I'm not a fan of The Washington Post. I object to their practice of editorializing the news while maintaining a smug pretense of objectivity. But, I have often observed that their actual editorials - as distinct from their left-wing slanted news articles - are frequently quite reasonable. Occasionally I agree with them, despite my low regard for the Post.
That was the case today when I read the editorial bitch-slap the Post gave to Mohamed El Baradei, one of the United Nation's most obnoxious diplomats. I once worked for a UN agency myself (the World Bank) and I got a close look at self-described "international civil servants" like El Baradei. At best, these Bureaucrats Without Borders are harmless, albeit sometimes corrupt. But when they start to implement their own political agendas, they become extremely harmful to real political interests - that is, to national and regional interests - as well as to international relations, and the United States should not tolerate them. As the Post rightly says, when El Baradei carries out his own policy, he represents nobody but himself.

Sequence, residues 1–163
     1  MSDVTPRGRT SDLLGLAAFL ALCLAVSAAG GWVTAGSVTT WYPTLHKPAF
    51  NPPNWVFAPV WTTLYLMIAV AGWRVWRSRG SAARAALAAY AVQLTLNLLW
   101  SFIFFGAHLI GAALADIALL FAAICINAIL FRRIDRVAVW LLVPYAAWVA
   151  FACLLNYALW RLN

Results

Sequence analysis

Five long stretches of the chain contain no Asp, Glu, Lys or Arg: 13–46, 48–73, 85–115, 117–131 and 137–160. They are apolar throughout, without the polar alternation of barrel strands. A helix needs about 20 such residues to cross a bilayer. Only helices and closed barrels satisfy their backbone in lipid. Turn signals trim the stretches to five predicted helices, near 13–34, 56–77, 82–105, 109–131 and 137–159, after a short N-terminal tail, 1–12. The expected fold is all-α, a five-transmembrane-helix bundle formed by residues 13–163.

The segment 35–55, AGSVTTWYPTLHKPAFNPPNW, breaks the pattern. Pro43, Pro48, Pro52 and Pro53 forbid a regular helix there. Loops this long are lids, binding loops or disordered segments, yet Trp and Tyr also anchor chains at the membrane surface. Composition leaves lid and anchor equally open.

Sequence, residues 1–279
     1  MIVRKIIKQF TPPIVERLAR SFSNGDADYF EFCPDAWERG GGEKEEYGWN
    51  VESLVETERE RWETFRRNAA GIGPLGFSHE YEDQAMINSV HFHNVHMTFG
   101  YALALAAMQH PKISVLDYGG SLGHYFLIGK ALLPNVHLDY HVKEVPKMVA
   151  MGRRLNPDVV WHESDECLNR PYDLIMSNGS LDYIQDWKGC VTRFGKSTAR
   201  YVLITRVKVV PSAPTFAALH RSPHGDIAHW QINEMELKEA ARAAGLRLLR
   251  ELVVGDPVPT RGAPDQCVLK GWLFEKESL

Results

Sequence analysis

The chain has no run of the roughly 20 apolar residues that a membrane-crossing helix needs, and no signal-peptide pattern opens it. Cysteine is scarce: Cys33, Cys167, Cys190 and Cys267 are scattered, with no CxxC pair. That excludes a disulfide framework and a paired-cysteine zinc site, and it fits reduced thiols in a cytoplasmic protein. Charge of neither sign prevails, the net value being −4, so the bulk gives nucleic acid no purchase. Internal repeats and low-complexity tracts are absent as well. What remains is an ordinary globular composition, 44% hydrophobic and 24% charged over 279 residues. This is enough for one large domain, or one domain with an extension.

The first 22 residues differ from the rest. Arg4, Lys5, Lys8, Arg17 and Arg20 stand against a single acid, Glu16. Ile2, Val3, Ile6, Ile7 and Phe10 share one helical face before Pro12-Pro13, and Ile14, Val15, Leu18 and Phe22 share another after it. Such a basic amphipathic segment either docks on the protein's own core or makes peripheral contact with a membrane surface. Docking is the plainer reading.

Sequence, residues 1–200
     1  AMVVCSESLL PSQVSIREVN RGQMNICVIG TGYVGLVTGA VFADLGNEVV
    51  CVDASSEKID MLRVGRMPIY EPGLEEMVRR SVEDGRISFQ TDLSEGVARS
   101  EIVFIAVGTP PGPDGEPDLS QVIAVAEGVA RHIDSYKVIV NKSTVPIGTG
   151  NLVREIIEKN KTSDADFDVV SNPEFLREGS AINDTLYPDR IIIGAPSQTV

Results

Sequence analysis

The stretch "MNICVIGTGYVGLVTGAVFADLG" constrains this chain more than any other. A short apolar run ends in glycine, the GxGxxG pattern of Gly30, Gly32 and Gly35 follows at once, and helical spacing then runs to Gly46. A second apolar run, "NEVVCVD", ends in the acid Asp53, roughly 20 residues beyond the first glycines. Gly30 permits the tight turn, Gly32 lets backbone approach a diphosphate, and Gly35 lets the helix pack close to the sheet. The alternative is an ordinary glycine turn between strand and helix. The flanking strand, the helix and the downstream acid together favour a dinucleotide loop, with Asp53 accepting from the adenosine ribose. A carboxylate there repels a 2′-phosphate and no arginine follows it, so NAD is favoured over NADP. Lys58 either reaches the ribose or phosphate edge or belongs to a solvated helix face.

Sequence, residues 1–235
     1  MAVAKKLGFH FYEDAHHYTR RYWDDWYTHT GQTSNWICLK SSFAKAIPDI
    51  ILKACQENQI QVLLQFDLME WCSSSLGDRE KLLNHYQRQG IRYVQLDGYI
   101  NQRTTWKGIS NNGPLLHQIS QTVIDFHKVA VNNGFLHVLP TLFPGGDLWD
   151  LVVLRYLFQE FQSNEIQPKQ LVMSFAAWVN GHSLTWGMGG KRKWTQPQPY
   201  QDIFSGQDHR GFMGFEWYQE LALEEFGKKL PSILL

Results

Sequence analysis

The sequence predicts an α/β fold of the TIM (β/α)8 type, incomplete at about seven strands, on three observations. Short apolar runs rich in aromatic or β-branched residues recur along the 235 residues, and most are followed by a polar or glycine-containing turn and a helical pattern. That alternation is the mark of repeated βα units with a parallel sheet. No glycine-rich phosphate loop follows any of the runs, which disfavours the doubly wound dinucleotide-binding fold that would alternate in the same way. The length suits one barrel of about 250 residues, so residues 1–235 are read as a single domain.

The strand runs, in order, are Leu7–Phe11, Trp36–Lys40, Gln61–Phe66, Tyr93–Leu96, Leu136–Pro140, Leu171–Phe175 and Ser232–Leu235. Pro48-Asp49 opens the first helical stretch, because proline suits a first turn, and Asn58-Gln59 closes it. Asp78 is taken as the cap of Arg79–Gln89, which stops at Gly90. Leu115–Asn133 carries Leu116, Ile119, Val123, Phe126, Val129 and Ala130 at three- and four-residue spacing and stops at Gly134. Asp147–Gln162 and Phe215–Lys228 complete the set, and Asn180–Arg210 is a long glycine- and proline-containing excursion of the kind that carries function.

Rogue RegulatorMohamed ElBaradei pursues a separate peace with Iran.
Wednesday, September 5, 2007; A20
FOR SOME time Mohamed ElBaradei, the Egyptian diplomat who heads the International Atomic Energy Agency, has made it clear he considers himself above his position as a U.N. civil servant. Rather than carry out the policy of the Security Council or the IAEA board, for which he nominally works, Mr. ElBaradei behaves as if he were independent of them, free to ignore their decisions and to use his agency to thwart their leading members -- above all the United States.....................
Three times in little more than a year the Security Council has passed legally binding resolutions ordering Iran to end its enrichment program; two of them have had relatively weak sanctions attached. Never mind that, says Mr. ElBaradei: He's decided that the world should simply accept Iran's enrichment capacity and that sanctions are the wrong response.................
But Mr. ElBaradei's freelancing has two major consequences. One is to allow the Iranian government to focus on its past activities rather than its present campaign to build and install centrifuges for uranium enrichment. The IAEA issued a report last week playing down the centrifuge operation, saying that "only" 2,600 were operating or being installed and tested in July. But Mr. Ahmadinejad announced over the weekend that 3,000 were in place -- and even the lower number is a 50 percent increase over the number that inspectors counted earlier this year. By the time the IAEA and Iran are done talking about past questions, Iran will almost certainly have enough working centrifuges to produce a bomb within a year......................
By then, the options of the Bush administration and other governments that believe Iran's nuclear program must be stopped, and not accommodated, may be greatly attenuated -- thanks to a diplomat who apparently believes he need not represent anyone other than himself.